WASHINGTON – Retail sales in the U.S. rose more than forecast in November as Americans bought cars and took advantage of discounts going into the holiday-shopping season.
Purchases climbed 0.7 percent, the most since June, after a 0.6 percent advance in October that was larger than previously reported, Commerce Department figures showed today in Washington. The median forecast of 83 economists surveyed by Bloomberg called for a 0.6 percent advance. Excluding cars, sales rose 0.4 percent, also more than projected.
Higher stock prices, rising home values and stronger job growth have helped buoy consumer sentiment, raising the odds that household spending will rebound this quarter from the weakest performance in almost four years. Nonetheless, companies such as Gap Inc. and Costco Wholesale Corp. aren’t taking chances as they mark down merchandise to spur demand.
“The consumer is on sure footing,” Brian Jones, a senior U.S. economist at Societe Generale in New York, said before the report. “We’re probably looking at pretty solid consumption going forward.”
Estimates in the Bloomberg survey ranged from gains of 0.2 percent to 1.2 percent. October’s reading was revised from an initially reported 0.4 percent increase.
Other reports today showed applications for unemployment insurance payments jumped last week and the costs of goods imported in the U.S. fell in November for a second month.
The number of claims for jobless benefits surged by 68,000 in the week ended Dec. 7 to 368,000, a two-month high, according to Labor Department figures. While there were no special circumstances last week, the data are difficult to adjust for seasonal swings during the holidays, a government spokesman said as the report was released to the press.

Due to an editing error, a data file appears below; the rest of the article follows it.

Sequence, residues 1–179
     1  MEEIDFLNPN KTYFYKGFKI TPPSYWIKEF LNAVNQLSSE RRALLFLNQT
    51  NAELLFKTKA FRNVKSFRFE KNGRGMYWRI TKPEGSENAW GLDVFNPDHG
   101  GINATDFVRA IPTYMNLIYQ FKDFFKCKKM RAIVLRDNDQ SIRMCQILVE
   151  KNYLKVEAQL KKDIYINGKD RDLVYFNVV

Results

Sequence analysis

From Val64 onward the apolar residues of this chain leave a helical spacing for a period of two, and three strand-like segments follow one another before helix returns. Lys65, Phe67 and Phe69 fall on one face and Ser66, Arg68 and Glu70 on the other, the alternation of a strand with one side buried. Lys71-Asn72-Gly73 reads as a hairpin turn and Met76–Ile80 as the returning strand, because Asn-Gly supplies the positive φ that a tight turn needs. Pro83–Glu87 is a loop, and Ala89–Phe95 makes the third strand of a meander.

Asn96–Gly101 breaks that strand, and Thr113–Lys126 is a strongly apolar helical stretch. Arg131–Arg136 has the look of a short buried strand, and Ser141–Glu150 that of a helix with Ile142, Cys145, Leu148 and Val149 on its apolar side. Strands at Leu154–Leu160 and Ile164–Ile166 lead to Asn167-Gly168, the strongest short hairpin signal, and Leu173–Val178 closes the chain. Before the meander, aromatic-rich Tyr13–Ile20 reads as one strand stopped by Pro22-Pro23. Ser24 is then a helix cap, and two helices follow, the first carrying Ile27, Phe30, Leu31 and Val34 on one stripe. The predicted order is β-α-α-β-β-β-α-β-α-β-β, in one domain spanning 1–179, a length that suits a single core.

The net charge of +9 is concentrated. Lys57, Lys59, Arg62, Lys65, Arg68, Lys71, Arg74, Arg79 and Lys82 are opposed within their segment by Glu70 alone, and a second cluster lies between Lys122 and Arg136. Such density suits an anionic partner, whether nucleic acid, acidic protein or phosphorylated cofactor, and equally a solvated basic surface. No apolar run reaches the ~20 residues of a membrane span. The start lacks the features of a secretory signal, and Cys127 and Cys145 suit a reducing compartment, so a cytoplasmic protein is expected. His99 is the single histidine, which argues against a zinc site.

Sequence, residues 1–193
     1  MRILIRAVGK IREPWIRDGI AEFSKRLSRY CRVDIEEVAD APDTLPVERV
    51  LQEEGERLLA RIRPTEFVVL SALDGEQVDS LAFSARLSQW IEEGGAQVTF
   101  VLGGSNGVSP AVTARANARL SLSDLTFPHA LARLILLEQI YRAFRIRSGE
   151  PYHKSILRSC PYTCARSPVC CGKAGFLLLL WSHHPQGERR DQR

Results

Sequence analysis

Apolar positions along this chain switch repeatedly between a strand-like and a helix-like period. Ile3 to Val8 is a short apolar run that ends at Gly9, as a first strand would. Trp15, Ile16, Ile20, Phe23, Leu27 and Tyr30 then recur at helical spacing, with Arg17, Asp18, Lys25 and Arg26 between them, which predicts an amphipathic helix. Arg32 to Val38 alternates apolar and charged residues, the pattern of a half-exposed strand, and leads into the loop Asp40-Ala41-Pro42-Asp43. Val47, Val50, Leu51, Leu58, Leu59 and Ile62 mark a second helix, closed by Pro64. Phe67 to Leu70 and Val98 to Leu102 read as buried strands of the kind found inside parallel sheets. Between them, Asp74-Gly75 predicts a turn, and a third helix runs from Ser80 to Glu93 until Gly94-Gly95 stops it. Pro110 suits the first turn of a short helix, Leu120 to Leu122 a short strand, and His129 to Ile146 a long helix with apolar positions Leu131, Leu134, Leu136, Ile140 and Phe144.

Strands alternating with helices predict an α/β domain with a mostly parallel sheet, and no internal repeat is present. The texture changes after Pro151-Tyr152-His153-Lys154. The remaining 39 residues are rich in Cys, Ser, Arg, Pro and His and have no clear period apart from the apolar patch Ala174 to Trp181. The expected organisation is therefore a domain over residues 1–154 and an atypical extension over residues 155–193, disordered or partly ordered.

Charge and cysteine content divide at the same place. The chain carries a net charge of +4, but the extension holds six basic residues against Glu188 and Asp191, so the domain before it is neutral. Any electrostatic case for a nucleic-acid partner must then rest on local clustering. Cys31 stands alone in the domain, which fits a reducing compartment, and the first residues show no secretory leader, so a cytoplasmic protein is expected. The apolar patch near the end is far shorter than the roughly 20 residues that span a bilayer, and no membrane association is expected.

Import prices dropped 0.6 percent last month, matching the decrease in October, another Labor Department report showed. The decline was led by a 3.1 percent fall in fuel expenses that was the biggest since June 2012. Costs dropped 1.5 percent over the past 12 months.
Stock-index futures were little changed after the reports. The contract on the Standard & Poor’s 500 Index maturing this month rose less than 0.1 percent to 1,781.4 at 8:39 a.m. in New York.
Eight of 13 major merchant retailer categories showed increases last month. The gains were broad-based and included rising revenue at auto dealers, furniture stores, electronics shops and non-store retailers, including online outlets.
Sales at automobile dealers climbed 1.8 percent, the most since June, after gaining 1.1 percent in October, today’s report showed.
Industry figures this month showed auto purchases climbed to a 16.3 million annualized rate in November, the highest since May 2007, according to data from Ward’s Automotive Group. November deliveries rose 16 percent for Chrysler Group LLC from the same month last year, 14 percent for General Motors Co. and more than 10 percent for Toyota Motor Corp. and Nissan Motor Co.